Friday Germany Expat Survey

To all the other expats out there in Germany, I have a question for you.

This week in one of my classes, we were discussing what people who are coming to Germany for business should know. I also had them come up with a list of strengths and weaknesses of Germans, and we discussed how they might be perceived by someone from a different culture. Then they gave me some homework, which was to come up with a list for Germans, and also Americans. 

I have an idea of what my list is, but it got me thinking about all the different perspectives that I’ve come across on my time in Germany, and I’m curious. So I wonder if any of you could help me out, and leave a comment about what strengths and weaknesses you would say are the signatures of people here in ze Deutschland. This class loves to talk, so a variety of opinions would be wonderful. 🙂 Vielen Dank!

Any thoughts? Leave ’em in the comments!


6 thoughts on “Friday Germany Expat Survey

  1. The most obvious to me is the strict working times. Like, you go to work at 8 and leave at 5. With few exceptions here. Americans, at least at the management level, are expected to be on call 24/7 and working 50-60 hours per week plus blackberry/iphone time for work is pretty standard. On the other hand, in my observations, Germans actually do nothing BUT work during work time, where as most of my friends do most of their blogging and FB posts during work hours, and then complain about how many hours they “worked” that week.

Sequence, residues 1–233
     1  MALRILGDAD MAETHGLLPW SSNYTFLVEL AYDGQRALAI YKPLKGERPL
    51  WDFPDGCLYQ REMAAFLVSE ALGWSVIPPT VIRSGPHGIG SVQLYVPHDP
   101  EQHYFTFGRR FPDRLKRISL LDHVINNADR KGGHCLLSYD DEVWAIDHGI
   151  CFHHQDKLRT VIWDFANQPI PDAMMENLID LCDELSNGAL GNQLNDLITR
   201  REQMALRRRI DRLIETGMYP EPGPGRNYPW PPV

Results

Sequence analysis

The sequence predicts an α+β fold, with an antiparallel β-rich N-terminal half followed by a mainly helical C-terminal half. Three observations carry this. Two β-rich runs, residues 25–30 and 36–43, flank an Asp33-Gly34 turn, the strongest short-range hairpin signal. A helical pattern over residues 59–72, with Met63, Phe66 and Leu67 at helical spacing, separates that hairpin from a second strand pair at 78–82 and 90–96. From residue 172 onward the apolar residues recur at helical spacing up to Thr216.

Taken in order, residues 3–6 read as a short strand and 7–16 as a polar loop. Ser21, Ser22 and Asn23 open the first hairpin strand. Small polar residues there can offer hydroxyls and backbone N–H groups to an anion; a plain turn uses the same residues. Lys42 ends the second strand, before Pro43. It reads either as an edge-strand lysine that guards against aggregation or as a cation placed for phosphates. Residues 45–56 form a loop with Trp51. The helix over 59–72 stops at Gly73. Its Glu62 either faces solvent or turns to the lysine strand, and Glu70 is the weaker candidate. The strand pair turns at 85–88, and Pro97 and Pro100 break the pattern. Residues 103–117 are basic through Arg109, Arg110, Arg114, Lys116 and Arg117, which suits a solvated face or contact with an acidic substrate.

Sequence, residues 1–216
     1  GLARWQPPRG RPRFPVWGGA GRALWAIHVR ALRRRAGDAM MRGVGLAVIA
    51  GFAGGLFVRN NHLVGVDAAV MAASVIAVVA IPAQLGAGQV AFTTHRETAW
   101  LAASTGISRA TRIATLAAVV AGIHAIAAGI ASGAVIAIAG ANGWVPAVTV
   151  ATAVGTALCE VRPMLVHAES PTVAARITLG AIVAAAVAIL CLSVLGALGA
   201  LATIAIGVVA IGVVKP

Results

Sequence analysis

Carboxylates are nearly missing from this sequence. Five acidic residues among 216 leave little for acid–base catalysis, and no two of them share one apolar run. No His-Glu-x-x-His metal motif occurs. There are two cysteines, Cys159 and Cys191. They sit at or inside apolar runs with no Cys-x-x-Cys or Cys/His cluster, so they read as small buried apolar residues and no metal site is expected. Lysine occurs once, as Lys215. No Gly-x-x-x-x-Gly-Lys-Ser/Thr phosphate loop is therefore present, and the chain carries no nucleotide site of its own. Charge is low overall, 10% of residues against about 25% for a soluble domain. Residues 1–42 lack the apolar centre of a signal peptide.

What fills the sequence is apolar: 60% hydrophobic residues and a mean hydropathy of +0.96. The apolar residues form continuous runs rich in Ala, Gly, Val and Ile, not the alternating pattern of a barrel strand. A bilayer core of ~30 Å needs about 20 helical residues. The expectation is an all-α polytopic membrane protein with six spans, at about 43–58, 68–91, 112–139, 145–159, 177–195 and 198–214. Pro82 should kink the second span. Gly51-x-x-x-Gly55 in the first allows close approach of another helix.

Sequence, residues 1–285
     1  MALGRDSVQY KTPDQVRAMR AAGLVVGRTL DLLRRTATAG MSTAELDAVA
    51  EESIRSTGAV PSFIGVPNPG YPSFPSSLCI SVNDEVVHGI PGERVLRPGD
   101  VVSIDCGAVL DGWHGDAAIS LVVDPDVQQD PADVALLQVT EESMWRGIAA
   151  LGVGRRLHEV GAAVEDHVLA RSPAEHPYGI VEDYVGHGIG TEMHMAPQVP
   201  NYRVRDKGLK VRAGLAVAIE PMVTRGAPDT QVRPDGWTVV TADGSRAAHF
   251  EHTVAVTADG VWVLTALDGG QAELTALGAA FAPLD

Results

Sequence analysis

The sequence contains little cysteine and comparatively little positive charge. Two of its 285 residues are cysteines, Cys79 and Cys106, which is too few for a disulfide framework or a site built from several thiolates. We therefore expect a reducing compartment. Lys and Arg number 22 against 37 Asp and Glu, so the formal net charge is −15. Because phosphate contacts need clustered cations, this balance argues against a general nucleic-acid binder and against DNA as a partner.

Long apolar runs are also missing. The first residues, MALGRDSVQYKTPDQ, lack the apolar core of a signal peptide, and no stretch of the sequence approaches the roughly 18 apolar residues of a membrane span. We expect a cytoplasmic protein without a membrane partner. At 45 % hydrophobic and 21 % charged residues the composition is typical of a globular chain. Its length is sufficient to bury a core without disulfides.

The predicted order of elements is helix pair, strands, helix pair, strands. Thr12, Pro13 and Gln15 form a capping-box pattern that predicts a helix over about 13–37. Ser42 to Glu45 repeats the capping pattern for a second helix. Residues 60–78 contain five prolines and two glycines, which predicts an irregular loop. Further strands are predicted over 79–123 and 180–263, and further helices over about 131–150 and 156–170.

Also, here, when on vacation, or out sick, you are OUT. Not expected to work. Totally different in the States. At even the lowest levels of ees, they are expected to return texts/calls about work. Basically, better for the employee. Not necessarily for productivity.